Investing in human capital is among Sakae’s core strategies as it offers skills training, staff benefits and career opportunities.

Sakae currently has more than 2,000 employees across age groups under its payroll, and also works closely with a number of schools to tap future talent. Training programmes and scholarships are offered to students who aspire to join the Sakae family.

Being in the food business is not just about providing quality food, it’s about understanding people’s needs. We want Sakae to be a company with a soul, and a heart.

Any people-related advice for start-ups to achieve success like yours?

They need to be prudent and realistic. All successful businesses started with a simple dream or idea that was well executed, and realistically grown.

Start-ups have to understand that as Singapore’s talent pool becomes more diverse, fair and progressive employment practices, such as robust appraisal systems and age management, are no longer merely good-to-have, they are essential for any organisation’s long term competitiveness.

Only by hiring and rewarding employees based on their abilities and skills will they respect your leadership and give their best at work.

I also always remind aspiring entrepreneurs that failure is part of success. Abraham Lincoln said: “Always bear in mind that your own resolution to succeed is more important than any one thing.” It is with this resolution that Sakae has gotten to where it is today, and continues to expand and evolve.

As the co-chairperson of the Tripartite Alliance for Fair and Progressive Employment Practices (TAFEP), what is your view of HR?

HR is an incredibly important business function beyond just recruitment and processing payroll. HR is the crucial link between management and the company’s workforce, and they are often the champions of continual professional development.

Besides, the HR function serves as a valuable feedback channel for management through which they can glean insights into staff morale and react accordingly.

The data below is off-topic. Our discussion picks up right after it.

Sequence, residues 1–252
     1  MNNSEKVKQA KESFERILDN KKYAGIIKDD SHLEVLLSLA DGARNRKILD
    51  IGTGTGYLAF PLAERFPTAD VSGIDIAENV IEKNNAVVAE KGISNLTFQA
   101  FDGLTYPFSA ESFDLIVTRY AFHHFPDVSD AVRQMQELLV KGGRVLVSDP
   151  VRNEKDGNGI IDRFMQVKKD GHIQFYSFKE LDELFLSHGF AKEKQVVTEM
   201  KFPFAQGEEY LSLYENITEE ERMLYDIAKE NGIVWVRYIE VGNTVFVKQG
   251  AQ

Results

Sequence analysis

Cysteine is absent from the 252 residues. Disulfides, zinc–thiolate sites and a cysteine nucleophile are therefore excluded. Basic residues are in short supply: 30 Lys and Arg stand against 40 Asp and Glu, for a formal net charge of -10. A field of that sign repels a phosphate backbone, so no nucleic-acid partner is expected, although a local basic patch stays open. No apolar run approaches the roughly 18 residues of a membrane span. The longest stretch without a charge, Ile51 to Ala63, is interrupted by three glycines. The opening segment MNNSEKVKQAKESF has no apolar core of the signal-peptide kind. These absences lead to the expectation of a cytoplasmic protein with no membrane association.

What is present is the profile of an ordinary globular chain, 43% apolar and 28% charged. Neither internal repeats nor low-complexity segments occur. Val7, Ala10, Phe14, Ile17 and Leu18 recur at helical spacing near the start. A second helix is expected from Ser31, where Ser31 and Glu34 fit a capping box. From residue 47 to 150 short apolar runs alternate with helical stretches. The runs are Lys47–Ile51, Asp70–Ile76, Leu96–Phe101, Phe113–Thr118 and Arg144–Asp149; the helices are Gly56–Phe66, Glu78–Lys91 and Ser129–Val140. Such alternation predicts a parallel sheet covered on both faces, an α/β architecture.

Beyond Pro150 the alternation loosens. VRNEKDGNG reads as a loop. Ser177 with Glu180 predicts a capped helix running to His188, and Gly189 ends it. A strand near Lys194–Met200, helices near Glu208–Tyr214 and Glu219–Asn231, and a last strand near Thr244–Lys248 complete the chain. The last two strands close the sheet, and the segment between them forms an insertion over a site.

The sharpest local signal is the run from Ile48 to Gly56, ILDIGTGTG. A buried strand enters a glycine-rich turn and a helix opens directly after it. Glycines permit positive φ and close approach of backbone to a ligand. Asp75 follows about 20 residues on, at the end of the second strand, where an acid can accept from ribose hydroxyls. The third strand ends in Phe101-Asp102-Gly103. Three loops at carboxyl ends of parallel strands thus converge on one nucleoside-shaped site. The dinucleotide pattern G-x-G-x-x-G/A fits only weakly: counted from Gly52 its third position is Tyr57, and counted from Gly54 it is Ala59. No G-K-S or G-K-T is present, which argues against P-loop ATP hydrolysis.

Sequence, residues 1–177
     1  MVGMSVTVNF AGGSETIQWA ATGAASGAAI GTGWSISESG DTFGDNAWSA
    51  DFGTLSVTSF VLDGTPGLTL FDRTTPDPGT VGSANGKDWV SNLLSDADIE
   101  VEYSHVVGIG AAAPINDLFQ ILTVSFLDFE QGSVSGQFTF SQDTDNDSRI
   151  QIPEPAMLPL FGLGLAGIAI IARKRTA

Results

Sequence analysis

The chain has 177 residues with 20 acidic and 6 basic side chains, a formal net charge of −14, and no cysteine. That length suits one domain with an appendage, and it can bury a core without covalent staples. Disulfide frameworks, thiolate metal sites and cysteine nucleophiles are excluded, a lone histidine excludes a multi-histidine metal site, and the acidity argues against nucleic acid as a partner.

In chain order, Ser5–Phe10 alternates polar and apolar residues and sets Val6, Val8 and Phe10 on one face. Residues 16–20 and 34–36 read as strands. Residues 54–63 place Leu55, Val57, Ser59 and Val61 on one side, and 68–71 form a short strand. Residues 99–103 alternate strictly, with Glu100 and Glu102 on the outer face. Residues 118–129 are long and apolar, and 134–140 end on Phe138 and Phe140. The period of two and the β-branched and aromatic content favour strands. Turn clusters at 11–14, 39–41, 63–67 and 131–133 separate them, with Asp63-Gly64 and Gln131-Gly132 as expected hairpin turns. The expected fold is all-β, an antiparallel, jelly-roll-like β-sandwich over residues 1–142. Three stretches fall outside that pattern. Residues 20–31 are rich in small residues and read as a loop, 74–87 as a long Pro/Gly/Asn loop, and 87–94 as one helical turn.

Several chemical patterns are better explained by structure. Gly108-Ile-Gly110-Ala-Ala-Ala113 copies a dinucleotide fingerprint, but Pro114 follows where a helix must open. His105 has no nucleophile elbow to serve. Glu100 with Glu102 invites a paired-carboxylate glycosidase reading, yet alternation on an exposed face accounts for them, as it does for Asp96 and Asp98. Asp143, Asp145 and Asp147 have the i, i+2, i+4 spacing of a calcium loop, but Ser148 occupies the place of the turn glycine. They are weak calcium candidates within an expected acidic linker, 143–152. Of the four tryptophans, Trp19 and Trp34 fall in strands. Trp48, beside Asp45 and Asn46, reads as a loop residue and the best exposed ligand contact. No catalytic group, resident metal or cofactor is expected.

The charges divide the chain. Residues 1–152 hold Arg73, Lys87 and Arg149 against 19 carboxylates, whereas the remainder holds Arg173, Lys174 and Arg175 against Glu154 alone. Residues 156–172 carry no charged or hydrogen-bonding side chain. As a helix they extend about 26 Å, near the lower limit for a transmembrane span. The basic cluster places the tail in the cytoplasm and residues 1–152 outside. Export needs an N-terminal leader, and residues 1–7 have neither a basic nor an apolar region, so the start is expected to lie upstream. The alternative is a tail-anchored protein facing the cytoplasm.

Fair and progressive HR policies ensure firms attract and retain the best talent, something crucial for SMEs as they strive to remain competitive – apart from gaining access to a wider talent pool, enhancing productivity and staff retention, increasing customer satisfaction and bolstering corporate reputation.

How can HR contribute better to organisational goals, in your opinion?

I would like to challenge HR practitioners to go beyond transactional processes, and take on a greater role in their organisations’ business strategies.

I strongly believe businesses, especially start-ups, could benefit if greater consideration is given to how business strategy affects the workforce.

HR needs to be given a voice in the board room, and a hand to help shape the organisation’s future.

In particular, HR must ensure employment policies support the organisation’s values. There must be clear alignment between what leaders commit to and what the line managers and HR do in their day-to-day.

More importantly, management and HR must have open minds about adopting new employment practices or reviewing current ones.

Do you see HR leaders making it to a CEO level?

I believe anyone with the right skill sets, core values and attitude could become a CEO.

When I first started Sakae Sushi, I knew nothing about running a restaurant, and I credit our success to many factors, including values that have being instilled in me since childhood which have guided my career.

Aside from that, studies have shown that over the past 15 years, there has been a dramatic change in the roles HR people play. Today, CHROs often report directly to the CEO, serve as their key adviser, and make frequent presentations to the board. These studies have also uncovered that many CHROs behave, think, function, and deal with pressure and risk-taking similar to CEOs.